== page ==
Newspaper Articles as Hearsay — Website Evidence: Hearsay and Authentication
Southco, Inc. v. Fivetech Tech. Inc., 2013 U.S. Dist. LEXIS 161489 (E.D. Pa. Nov. 12, 2013):
IV. Motion to Supplement
Southco filed a Motion to Supplement the Record (Docket No. 231) with additional evidence allegedly showing that Fivetech sells captive screws with the Five Pentagon mark in the United States. Southco seeks to admit the documents it calls the "Fivetech U.S. Shipping Documents," which include several website printouts from a business periodical, computer parts websites allegedly showing Fivetech merchandise for sale, and shipping documents from several commercial providers of U.S. Customs data. Southco argues that these documents show shipments of captive screws from Fivetech to Hon Hai Precision Industry in Houston, Texas, with arrival dates in the port of Los Angeles on March 12, 2012, May 15, 2012, and July 24, 2012. Pl. Mot. Supplement, Sluzas Decl. ("Third Sluzas Decl.") ¶ 4, ECF No. 231-1.
In response, Fivetech submitted a declaration stating that Fivetech has not sold any Series 46 captive screws in the United States, other than the one sale to SRI in December 2009. Def. Opp. Mot. Supplement, Ex. A ¶ 5, ECF No. 247-1.
The Court will deny as moot this motion to supplement the record. The considers the evidence submitted by Southco for purposes of this motion, but the Court finds that the supplementary evidence introduced by Southco does not affect the Court's grant of Fivetech's motion for partial summary judgment of trademark noninfringement. First, neither the websites nor the other shipping documents show that Fivetech is selling captive screws with the Five Pentagon mark in the United States. Second, the Fivetech U.S. Shipping Documents have serious admissibility issues.
The evidence that Southco seeks to include in the record presents serious issues with regard to hearsay and authenticity. First, newspaper articles are considered hearsay and, only in very exceptional circumstances not present here, may be used as evidence during litigation. See May v. Cooperman, 780 F.2d 240, 262 n.10 (3d Cir. 1985).
Internet websites and web postings are also typically inadmissible as hearsay. United States v. Jackson, 208 F.3d 633, 637-38 (7th Cir. 2000). Although some commentators have argued that websites could be admissible as a business record under Rule 803(6), other federal courts have come out the opposite way. Compare 4 Christopher B. Mueller & Laird C. Kirkpatrick, Federal Evidence § 8:79 (3d ed.), with Aldana v. Del Monte Fresh Produce N.A., Inc., 578 F.3d 1283, 1291 n.3 (11th Cir. 2009).
District courts have also gone both ways with regard to the commercial lists hearsay exception under Rule 803(17). Compare Commercial Credit Grp., Inc. v. Falcon Equip., LLC of Jax, No. 3:09CV376-DSC, 2010 U.S. Dist. LEXIS 1385, 2010 WL 144101, at *12 (W.D.N.C. Jan. 8, 2010), with Rainbow Play Sys., Inc. v. Backyard Adventure, Inc., No. 06-4166, 2009 U.S. Dist. LEXIS 93623, 2009 WL 3150984, at *2-3 (D.S.D. Sept. 28, 2009).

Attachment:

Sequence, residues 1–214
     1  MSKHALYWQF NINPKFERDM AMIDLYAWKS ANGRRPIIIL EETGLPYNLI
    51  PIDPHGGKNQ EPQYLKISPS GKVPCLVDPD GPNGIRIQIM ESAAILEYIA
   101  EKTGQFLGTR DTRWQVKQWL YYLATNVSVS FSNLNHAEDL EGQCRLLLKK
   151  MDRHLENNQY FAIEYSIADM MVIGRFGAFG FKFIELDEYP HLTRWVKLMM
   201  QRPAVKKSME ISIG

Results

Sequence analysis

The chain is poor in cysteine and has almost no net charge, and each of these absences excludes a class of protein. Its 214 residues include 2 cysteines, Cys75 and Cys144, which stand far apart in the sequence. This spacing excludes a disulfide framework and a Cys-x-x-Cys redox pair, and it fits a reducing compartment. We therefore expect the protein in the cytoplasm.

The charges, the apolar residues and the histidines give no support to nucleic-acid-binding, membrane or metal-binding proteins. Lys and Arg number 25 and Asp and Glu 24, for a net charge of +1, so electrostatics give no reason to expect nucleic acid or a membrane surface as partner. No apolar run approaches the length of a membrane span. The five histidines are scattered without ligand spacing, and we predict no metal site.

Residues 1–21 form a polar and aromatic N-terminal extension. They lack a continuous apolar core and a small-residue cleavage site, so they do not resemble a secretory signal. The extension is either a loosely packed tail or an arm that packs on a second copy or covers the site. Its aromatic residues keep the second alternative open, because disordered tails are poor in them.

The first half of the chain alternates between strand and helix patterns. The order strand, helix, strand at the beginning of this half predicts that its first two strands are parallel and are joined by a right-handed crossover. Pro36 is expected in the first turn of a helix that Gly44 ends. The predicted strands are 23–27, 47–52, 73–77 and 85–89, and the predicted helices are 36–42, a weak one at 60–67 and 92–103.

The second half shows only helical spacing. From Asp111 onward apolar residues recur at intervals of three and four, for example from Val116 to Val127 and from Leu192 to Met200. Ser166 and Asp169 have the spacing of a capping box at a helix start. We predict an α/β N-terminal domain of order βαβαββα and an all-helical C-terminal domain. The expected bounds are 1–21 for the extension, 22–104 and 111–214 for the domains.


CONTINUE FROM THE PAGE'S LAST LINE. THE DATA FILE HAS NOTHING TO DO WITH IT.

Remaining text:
Furthermore, even website evidence admissible under a hearsay exception requires authentication. See St. Luke's Cataract & Laser Inst., P.A. v. Sanderson, No. 8:06CV223TMSS, 2006 U.S. Dist. LEXIS 28873, 2006 WL 1320242, at *2 (M.D. Fla. May 12, 2006) ("To authenticate printouts from a website, the party proffering the evidence must produce 'some statement or affidavit from someone with knowledge [of the website] . . . for example [a] web master or someone else with personal knowledge would be sufficient.'" (quoting In re Homestore.com, Inc. Sec. Litig., 347 F. Supp. 2d 769, 782 (C.D. Cal. 2004))); see also Wady v. Provident Life & Accident Ins. Co. of Am., 216 F. Supp. 2d 1060, 1064-65 (C.D. Cal. 2002). This is a common problem with the evidence presented by Southco because no one with personal knowledge has given a sworn statement regarding these websites.
Some of the specific shipping documents that Southco seeks to admit, bills of lading, are themselves admissible under the business records exception with appropriate foundation through affidavit, deposition, or other authentication method. See, e.g., United States v. Collado, 439 F. App'x 845, 848 (11th Cir. 2011); Sea-Land Serv., Inc. v. Lozen Int'l, LLC, 285 F.3d 808, 819-20 (9th Cir. 2002); Morrison Grain Co. v. Utica Mutual Ins. Co., 632 F.2d 424, 432 (5th Cir. 1980); Stein Hall & Co., Inc. v. S.S. Concordia Viking, 494 F.2d 287, 291 (2d Cir. 1974) (quoting Palmer v. Hoffman, 318 U.S. 109, 113, 63 S. Ct. 477, 87 L. Ed. 645 (1943)); United States Aviation Underwriters, Inc. v. Yellow Freight Sys., Inc., 296 F. Supp. 2d 1322, 1327 n.2 (S.D. Ala. 2003); see also CSX Transp. Co. v. Novolog Bucks Cnty., No. 04-4018, 2008 U.S. Dist. LEXIS 83512, 2008 WL 4613862, at *5-6 (E.D. Pa. Oct. 16, 2008). The websites sought to be admitted by Southco add an additional layer of potential hearsay, however, that requires further authentication of the website's source material.
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